YEAH THE DIRTY NOOB USED T3H S3RCH FEATURE!!!!
Hey I need to change my diet....badly. I've begun training again but I still eat like hell. I'm thinking of adding more vegitable based meals to my diet, but am having a hard time finding decent recipes that fulfill the nutritional requirements I seek. I know beans=protien, and I will be eating fish, but I am trying to cut red meats and poultry out(because I dont want mad cow disease or bird flu and I'm neurotic like that). Anyhow, I figure a recipe page focusing on a veg-head diet would be cool.
You might try typing a search into amazon, I'm sure there are some vegan cookbooks out there.
I've actually got 2 or 3 of them. I guess I should have specified that taste is important to me. Most of the recipes that I have made from my books are kinda nasty tasting...or I'm just a shitty cook. So if anyone has any TASTY vegitarian recipes lemme know.
Oh, yes, that could pose a different problem...
My wife and I eat a lot of vegetarian food, so here are a couple of ideas for you:
Check out the acclaimed "Vegetarian Cooking for Everyone" by Deborah Madison. (It's a massive book, see if you can check it out from the library before you spend the money to buy it). We like it, though we've only tried a small fraction of the recipes in it.
As a practical matter, don't think about this in terms of exploring uncharted terrain, think about how you can make small changes to the familiar.
In other words, cater to your current food preferences and work on developing a few dishes that you like and you can make without extraordinary hassle or expense. Start by asking yourself what meatless proteins you like, and build main courses around that. Once you find a dish you like okay, make it on a regular basis until and work on perfecting it.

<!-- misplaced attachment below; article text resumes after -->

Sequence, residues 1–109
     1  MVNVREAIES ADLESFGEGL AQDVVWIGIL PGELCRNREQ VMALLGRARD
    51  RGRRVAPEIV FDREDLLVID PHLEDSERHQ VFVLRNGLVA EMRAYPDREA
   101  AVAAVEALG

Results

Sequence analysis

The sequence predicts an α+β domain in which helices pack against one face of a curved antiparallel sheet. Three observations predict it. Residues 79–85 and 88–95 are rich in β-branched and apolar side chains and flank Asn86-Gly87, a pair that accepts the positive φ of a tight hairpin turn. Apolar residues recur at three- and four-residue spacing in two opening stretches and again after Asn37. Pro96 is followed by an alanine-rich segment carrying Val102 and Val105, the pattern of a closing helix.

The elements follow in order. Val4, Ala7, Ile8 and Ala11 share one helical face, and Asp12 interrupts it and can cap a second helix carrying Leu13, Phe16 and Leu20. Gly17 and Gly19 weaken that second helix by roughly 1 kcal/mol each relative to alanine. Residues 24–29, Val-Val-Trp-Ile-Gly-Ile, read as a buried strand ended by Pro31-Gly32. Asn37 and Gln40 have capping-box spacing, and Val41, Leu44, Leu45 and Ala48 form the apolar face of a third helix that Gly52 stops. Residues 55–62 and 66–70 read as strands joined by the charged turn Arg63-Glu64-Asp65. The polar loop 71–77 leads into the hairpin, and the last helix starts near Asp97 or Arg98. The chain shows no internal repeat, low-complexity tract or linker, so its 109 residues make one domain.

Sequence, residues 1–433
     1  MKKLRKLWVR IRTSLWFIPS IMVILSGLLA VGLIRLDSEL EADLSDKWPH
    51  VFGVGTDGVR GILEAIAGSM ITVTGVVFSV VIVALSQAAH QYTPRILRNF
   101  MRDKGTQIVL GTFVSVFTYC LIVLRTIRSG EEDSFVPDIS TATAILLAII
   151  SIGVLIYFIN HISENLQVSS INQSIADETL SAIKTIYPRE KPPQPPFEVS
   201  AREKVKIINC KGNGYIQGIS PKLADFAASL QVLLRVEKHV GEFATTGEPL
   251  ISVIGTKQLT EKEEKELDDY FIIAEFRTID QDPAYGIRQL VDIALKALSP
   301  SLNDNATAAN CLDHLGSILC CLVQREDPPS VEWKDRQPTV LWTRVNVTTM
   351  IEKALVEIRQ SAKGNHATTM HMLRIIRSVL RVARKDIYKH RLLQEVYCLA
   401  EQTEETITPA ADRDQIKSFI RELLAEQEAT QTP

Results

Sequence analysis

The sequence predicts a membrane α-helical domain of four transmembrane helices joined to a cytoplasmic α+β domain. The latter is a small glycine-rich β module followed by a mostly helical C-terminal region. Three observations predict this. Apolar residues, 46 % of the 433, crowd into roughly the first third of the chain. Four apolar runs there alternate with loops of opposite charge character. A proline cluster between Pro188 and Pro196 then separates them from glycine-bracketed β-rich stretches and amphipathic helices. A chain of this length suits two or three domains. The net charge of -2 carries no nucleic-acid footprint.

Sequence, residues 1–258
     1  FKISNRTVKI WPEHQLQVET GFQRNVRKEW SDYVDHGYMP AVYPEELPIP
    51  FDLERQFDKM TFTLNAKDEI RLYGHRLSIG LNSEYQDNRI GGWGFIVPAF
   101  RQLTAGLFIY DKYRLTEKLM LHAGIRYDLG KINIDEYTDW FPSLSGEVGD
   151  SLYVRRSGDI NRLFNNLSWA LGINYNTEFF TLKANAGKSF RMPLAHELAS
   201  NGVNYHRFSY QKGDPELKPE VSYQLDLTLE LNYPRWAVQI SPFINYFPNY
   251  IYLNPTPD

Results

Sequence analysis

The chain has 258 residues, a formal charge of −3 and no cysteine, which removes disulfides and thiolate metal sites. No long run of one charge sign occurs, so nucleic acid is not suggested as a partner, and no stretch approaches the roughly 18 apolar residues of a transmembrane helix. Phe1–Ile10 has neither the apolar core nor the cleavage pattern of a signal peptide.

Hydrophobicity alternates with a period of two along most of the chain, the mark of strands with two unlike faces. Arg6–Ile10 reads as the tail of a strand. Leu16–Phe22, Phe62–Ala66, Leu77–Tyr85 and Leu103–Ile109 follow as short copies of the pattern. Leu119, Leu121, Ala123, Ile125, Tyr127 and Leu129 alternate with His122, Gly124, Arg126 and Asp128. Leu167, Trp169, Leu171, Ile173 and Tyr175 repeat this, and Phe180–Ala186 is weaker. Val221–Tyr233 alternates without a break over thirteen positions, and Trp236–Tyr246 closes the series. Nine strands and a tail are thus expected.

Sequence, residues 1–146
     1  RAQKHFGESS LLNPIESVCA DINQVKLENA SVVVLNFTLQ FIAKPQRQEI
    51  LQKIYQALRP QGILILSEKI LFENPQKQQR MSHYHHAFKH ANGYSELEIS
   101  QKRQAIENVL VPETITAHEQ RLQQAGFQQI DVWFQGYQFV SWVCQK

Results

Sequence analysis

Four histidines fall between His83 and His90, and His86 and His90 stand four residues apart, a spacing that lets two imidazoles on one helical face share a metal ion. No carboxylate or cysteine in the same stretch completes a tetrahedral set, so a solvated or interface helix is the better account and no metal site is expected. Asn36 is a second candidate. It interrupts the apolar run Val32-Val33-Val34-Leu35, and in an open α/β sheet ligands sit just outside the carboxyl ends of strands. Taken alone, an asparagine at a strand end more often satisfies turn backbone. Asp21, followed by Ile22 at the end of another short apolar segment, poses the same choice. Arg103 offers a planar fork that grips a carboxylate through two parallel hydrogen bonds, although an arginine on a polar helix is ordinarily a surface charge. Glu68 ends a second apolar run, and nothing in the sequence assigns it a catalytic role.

For example, my wife and I (and our son) all like black beans and rice. So we make them at least once every couple of weeks, and we have worked out a recipe that is, by our definitions, quick, easy and tasty. We both make it well enough now that we can play around with little variations to keep things interesting. But if we need to whomp up dinner in 45 minutes, BBR is a good go-to option.
Edited to add: Please understand, I'm not saying "never try anything new." New foods can be fun, expecially if you make it a project to try out an unfamiliar ingredient or dish every week or two. But if you're going to stick to a vegetarian diet, you'll probably want the foundation of it to be simple, sure-fire dishes.
A good starting point for you might be meat analogues made from textured vegetable protein -- there are some great veggie meatballs, hot dogs, chicken and fish substitutes, etc. out there. You'll probably find some in the meat-substitute section in the frozen-food case and others in the produce section.
Last edited by G.R. Bug; 10/23/2005 8:38pm at .
Originally Posted by AKARATE
You can't go wrong with steaming or stir-frying vegetables together with meat and sauce. First, heat up oil in the wok/pan, add the meat, cook till done, add veggies, cook for as little as possible, then stir in sauce and serve.